we-mag: So what does this trick look like? Do you have any idea yet?

Lawrence Lessig: Well, we have a large coalition of groups who are pushing this. We just started something called Strike for Change where we’ve asked people to pledge not to fund candidates unless they’re committed to citizen-funded elections. You know the trick of the internet is that you can get people to do what they already wanted to do. And we think that most people now don’t want to give money to politicians to run for election, so we now want to give these people a solid public reason not to give money to candidates, at least not to those who don’t support the idea of citizen-funding.
We’ve now started this and so far we’ve got a pledge of about half a million dollars from people who will not participate until citizen-funding becomes a central issue, and we are going to work very hard over the next year to build that number into a number that cannot be ignored by those waging the battles for the 2010 elections.

we-mag: When you see all these grassroots movements and I mean there are tonnes of them and new ones springing up every day … how can they become a really significant and legal part of the democratic process?

Lawrence Lessig: Well, I think it’s very hard because anybody can start these movements, and it’s hard to engender a sense of confidence in what they produce. So I think we must make a great deal of progress before we arrive at the point where there is reason to trust or put our faith or confidence in what these movements are doing. This is going to take time – the really enabled grassroots infrastructure is literally just four years old! I think it’s going to take time to grow up.

we-mag: In what timeframe are you thinking?

Lawrence Lessig: Well, we want to make a pretty significant impact on the 2010 elections, and we think that if we do citizen-funding it might be possible to get a bill enacted this year. Senator Gerber is going to introduce the bill sometime in February. There’s a good chance that we get it enacted this year, but we think that if we make it a really significant issue in 2010 then it will become a defining factor for the next Congress.

we-mag: What would you call a significant impact? What would constitute a success?

Lawrence Lessig: I think that if the effect of our strike is to get the Democratic party to make this a priority – either a legislative priority before 2010 or after 2010 – then that’s a significant impact. You know that obviously we are not going to be doing this alone, and there are many other groups with a similar aim. But if we managed to lever this citizen-funded, citizen-driven move- ment in support of citizen-funded elections, I think this would be an enormous success.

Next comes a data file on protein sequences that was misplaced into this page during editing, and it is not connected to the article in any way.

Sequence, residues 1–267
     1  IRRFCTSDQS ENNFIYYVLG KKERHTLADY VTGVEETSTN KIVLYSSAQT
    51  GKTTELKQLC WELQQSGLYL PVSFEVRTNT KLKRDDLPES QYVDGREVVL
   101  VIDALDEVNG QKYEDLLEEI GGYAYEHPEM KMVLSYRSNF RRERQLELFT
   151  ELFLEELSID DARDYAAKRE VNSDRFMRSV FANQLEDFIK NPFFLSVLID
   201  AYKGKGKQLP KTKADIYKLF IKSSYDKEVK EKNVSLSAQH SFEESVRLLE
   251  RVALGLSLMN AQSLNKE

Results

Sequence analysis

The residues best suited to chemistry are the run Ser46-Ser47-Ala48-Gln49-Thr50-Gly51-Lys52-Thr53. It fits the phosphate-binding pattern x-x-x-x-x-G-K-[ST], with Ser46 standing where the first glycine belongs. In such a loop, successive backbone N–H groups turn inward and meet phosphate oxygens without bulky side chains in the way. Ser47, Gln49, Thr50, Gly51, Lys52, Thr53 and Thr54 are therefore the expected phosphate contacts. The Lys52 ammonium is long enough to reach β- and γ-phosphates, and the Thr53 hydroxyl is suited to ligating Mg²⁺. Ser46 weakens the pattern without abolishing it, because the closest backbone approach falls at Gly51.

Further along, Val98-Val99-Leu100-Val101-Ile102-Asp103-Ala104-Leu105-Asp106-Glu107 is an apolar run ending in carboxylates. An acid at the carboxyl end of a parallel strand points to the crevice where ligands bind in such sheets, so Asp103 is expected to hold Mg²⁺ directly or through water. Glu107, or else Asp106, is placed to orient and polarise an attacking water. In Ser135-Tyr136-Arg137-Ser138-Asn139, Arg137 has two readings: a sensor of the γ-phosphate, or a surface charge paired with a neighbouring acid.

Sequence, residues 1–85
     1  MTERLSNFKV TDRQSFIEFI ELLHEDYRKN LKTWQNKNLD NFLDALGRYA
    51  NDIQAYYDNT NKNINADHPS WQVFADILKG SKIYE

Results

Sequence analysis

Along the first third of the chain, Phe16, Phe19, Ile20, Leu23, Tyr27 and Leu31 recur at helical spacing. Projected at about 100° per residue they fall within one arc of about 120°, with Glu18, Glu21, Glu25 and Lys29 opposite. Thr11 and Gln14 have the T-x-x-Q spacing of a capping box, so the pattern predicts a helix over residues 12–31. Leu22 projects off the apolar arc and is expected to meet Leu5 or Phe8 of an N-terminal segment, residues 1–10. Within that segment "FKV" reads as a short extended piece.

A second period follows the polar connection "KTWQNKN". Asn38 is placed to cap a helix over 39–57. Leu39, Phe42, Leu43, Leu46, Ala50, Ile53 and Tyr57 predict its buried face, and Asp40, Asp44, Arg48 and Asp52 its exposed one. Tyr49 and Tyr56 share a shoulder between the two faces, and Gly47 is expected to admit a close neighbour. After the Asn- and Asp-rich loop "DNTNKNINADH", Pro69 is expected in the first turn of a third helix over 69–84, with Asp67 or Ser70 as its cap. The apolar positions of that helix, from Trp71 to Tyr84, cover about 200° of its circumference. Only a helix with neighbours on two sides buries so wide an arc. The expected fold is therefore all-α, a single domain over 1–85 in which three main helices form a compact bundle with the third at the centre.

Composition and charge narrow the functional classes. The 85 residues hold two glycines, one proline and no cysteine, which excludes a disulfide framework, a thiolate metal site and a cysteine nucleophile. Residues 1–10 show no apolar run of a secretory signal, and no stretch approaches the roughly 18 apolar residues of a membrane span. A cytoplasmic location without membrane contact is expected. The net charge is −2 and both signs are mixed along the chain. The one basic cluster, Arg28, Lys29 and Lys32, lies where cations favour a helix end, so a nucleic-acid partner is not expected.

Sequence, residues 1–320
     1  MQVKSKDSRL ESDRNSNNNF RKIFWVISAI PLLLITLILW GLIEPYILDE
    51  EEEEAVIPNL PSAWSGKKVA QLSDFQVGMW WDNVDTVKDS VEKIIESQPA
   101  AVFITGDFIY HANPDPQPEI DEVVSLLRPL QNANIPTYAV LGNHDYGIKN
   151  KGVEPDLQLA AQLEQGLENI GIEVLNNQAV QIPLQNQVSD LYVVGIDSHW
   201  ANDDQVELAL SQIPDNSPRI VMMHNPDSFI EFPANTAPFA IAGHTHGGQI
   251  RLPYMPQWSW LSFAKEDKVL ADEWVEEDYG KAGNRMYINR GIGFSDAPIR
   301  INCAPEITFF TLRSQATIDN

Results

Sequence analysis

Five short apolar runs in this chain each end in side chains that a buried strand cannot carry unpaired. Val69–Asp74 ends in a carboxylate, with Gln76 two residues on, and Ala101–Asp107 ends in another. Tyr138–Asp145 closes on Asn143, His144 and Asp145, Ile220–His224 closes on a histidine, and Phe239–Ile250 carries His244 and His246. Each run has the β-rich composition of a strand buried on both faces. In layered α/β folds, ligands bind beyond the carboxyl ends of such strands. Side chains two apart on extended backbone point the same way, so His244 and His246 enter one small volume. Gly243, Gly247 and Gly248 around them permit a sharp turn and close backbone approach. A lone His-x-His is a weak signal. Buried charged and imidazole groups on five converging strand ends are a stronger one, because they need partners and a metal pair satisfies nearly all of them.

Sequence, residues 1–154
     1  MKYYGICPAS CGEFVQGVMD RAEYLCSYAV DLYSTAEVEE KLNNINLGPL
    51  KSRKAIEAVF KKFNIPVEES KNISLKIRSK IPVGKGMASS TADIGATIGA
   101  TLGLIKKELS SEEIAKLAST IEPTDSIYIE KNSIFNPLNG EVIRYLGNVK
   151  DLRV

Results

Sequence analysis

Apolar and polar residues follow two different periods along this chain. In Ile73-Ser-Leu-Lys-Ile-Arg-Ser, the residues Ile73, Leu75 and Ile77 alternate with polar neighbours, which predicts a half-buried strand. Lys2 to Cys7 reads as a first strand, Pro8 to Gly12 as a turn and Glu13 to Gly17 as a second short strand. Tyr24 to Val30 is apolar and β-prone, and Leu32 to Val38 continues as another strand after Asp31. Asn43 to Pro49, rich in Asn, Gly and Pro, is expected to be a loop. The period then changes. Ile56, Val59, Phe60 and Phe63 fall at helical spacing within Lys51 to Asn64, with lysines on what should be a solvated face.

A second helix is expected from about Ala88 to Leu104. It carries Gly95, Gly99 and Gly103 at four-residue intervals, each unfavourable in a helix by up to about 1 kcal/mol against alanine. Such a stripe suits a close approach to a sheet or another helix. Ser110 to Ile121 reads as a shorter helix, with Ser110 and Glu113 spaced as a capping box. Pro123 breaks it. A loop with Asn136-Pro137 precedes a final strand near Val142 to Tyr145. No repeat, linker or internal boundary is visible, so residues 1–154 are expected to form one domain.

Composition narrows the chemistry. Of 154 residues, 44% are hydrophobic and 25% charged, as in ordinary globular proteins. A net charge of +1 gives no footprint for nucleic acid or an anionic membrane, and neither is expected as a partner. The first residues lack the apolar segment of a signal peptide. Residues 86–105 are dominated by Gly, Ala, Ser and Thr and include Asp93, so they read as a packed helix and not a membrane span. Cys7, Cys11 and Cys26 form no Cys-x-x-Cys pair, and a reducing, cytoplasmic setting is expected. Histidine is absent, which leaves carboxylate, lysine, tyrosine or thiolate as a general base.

we-mag: Do you think that these grassroots movements or let’s call it the social internet, want a new form of democracy to emerge which is maybe more powerful, more sophisticated than the one person one vote system we have right now?

Lawrence Lessig: It certainly is a possibility. I don’t think any of us see exactly how it could be perfected but it certainly has potential. But I think we have to resist a certain kind of utopianism here. I am not a believer in direct democracy, but I am a believer in representative democracy. What I believe is that we can use the citizen movement to support a smarter, more reasonable, more responsive representative democracy than the one we have right now. I think that’s where the technology really comes into its own powerful and that’s what I hope we can use it to achieve.

we-mag: Do you think that citizens are ready for it or are you talking about an elite who is taking part in all this?

Lawrence Lessig: Well, I do think that citizens are ready for it. You know every step taken toward the citizen movement is a step away from elite-controlled politics. And by elite I mean, you know, people who try to leverage not the power of the ballot box but the power of the cheque book to achieve their results, and from the right wing they are people who want to short circuit the democratic process by using a different kind of power – namely money – to achieve a political end. I think there is a strong recognition and appreciation of the damage or harm that this can cause. What we have to do is to figure out how to channel these perceptions in productive ways for achieving our objectives.

we-mag: So you are leaving Stanford and returning to Harvard to this ”Saffra“ Centre which is actually an institution famous for its ethics teaching. My difficulty with your approach of Change Congress is that maybe it’s just too money-driven, it’s a money approach. Do you think when you look only at money and not at the whole system that you can really change it? Just look at ourselves – we still take planes even though we know about global warming and stuff like that. Do you think this kind of narrow approach can really change something which I think is much much more substantial?